Moses Sheppard’s vision was shared by Enoch Pratt, a local merchant and philanthropist. He admired what was happening at The Sheppard Asylum, as well as how the Trustees were honoring Moses Sheppard’s wishes. Upon his death in 1896, he left a two million dollar endowment for The Sheppard Asylum.
Pratt mandated that his bequest be used to complete any construction in progress, enlarge the facility to house 200 additional patients, and serve the indigent. He also asked that the name change to “The Sheppard and Enoch Pratt Hospital.” These conditions were met, and The Sheppard and Enoch Pratt Hospital continued to operate under the direction of Dr. Edward Brush following the principles instilled by its founders.
As the hospital grew, it also focused more on providing meaningful treatment rather than mere custodial care; expansions included laboratories for research and libraries for learning. By 1904, annual admissions increased to 100 patients, having a variety of diagnoses. The hospital environment was said to be structured and disciplined, with privacy a top priority, something that is still respected to this day. Patients enjoyed many activities as components of their treatment, including golf, shuffleboard, lectures, and music.
At the Forefront of Education
As admissions increased, many young doctors who wanted to study psychiatry came to the hospital to learn, as there was no formal training for mental illness at the time. The hospital prided itself on becoming a leader in the teaching field.
It soon became clear that nurses were a crucial aspect of psychiatric care, especially since patient care and compassion were core principles of the hospital. With quality nursing care hard to find, in 1905, a specialized psychiatric nursing school was created at the Sheppard and Enoch Pratt Hospital. Doctors from nearby Johns Hopkins and the University of Maryland helped support the robust nursing curriculum.
The Birthplace of Occupational Therapy
Expansion continued; leadership believed that patients needed additional therapeutic options. The hospital continuously increased its offerings, including building The Casino, a recreational building designed to lure patients out of their rooms. The Casino, a building constructed solely to house recreational offerings, was built as part of a growing occupational therapy program, a phrase coined by one of the hospital’s own doctors. It included a bowling alley, billiards area, reading room, and a gymnasium.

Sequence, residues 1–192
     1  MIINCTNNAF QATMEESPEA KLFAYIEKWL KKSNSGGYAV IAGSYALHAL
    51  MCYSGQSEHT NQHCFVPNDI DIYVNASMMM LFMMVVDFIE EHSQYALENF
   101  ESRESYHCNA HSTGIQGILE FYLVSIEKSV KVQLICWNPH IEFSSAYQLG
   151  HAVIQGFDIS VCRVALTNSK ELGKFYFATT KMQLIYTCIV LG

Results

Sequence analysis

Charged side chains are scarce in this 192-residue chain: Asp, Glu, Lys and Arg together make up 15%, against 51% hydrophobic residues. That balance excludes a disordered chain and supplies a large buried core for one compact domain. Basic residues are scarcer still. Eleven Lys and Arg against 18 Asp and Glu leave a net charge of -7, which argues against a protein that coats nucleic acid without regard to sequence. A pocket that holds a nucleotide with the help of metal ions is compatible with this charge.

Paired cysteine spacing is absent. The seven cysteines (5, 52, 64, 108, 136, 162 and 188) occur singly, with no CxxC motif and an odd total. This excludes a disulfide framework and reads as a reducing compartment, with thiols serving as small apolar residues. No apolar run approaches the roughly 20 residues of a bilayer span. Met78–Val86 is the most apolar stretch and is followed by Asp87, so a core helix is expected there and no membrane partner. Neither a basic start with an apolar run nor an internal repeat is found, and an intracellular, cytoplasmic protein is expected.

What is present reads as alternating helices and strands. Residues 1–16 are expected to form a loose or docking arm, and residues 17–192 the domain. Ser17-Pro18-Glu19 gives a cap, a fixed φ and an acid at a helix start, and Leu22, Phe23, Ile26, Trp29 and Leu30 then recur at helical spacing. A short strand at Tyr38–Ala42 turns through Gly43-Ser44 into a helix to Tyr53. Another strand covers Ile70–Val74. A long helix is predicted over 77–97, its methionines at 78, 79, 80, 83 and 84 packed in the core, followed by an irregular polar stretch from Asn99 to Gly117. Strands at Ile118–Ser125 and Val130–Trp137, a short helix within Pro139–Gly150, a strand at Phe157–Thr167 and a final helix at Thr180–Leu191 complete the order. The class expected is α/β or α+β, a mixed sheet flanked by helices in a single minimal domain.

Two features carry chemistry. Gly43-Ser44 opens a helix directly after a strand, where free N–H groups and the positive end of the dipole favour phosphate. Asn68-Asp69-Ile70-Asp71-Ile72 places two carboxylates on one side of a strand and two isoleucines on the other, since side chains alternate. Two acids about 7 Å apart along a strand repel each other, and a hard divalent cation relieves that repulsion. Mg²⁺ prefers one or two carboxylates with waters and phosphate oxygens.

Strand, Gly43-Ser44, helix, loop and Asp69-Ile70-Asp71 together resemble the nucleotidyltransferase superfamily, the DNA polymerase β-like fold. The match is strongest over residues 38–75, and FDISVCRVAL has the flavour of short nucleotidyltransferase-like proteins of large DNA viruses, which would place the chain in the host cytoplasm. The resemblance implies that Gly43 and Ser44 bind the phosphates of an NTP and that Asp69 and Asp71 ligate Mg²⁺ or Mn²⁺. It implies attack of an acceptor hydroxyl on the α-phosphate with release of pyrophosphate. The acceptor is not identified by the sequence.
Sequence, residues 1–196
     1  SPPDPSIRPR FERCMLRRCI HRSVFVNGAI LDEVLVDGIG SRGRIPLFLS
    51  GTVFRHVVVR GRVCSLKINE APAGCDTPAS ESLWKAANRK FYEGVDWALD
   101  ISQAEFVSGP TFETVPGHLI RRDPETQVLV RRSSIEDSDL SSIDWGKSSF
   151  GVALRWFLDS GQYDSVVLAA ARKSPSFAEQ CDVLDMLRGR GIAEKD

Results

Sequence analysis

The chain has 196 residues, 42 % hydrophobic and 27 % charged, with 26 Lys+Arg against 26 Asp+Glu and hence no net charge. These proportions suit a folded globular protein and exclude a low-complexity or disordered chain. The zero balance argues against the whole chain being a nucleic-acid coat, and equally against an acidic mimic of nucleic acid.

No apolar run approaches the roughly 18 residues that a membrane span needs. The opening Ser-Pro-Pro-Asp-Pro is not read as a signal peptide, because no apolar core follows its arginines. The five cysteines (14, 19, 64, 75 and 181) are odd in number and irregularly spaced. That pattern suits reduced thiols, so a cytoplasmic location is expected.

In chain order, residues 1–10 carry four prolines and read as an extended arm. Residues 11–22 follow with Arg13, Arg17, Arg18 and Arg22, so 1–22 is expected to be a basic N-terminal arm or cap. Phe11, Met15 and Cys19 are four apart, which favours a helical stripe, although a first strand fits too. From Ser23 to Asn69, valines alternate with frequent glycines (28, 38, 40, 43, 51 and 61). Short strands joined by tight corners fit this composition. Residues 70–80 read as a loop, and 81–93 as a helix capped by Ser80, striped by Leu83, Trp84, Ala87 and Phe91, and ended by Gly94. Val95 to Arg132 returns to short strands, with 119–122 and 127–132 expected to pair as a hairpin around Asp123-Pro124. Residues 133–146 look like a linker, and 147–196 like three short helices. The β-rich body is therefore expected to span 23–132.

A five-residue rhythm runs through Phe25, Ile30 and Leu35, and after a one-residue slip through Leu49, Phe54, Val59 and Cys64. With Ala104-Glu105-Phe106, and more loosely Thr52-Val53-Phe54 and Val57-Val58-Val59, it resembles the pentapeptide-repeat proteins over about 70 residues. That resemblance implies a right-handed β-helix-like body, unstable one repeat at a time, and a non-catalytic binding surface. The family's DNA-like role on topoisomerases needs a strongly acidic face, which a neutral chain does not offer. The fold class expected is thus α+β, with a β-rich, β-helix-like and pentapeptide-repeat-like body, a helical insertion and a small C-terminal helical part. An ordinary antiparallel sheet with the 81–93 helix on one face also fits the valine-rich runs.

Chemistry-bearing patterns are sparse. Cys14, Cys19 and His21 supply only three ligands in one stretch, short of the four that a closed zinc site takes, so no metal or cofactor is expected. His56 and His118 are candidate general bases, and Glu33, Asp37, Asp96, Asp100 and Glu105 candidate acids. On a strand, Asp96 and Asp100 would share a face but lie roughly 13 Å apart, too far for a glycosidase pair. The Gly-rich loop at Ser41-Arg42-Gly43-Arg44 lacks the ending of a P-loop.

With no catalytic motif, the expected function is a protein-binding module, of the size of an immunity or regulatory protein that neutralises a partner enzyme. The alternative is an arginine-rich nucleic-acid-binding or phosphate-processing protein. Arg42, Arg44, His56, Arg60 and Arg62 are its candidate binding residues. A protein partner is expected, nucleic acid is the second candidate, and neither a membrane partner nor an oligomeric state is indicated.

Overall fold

Sheppard Pratt is renowned as the birthplace of modern occupational therapy, a practice founded at Sheppard Pratt by Dr. William Rush Dunton. Dr. Dunton believed that participation in activities and daily living tasks could restore individuals’ level of functioning. Early occupational therapy at Sheppard Pratt took place in the Casino, and involved participating in work tasks such as farming and gardening on the hospital grounds, as well as engaging in leisure activities such as art, dance, sports, picnics, and music. Sheppard Pratt was also the home to occupational therapy education, and training and classes were offered from 1922 – 1932.
Twenty Years of Providing Care
The hospital continued to grow, and by the 20th anniversary of the hospital, 2,369 patients had received compassionate care. A typical day consisted of reading, exercise, carpentry, occupational therapy, walks on the lawn, crafts, clinical observation, tonic baths, and conversations. Hospital staff believed that active patients were healthy patients. More rooms were built to accommodate the swift growth.
Over the years, the hospital faced challenges, especially during wartime. During WWI, the hospital lost considerable staff to the war, but The Sheppard and Enoch Pratt Hospital always managed to overcome difficulties. Leadership thrived, making changes as needed, and always stayed true to the mission of Sheppard and Pratt.
In 1919, Dr. Brush resigned as president, and Dr. Ross Chapman took the helm in 1920. He believed that the hospital’s role was to treat patients, conduct research, and provide education on all phases of mental health. He also felt that families should be included in a patient’s treatment. Dr. Chapman brought individual psychotherapy to the hospital’s treatment program, and by 1920, the Sheppard and Enoch Pratt Hospital was recognized as a leader in hospital psychoanalysis.
Surviving the Great Depression through Innovation
As the country faced the Great Depression, the hospital continued to treat patients with new and innovative techniques. Electroconvulsive therapy was introduced during this period, and drug therapies began to gain favor.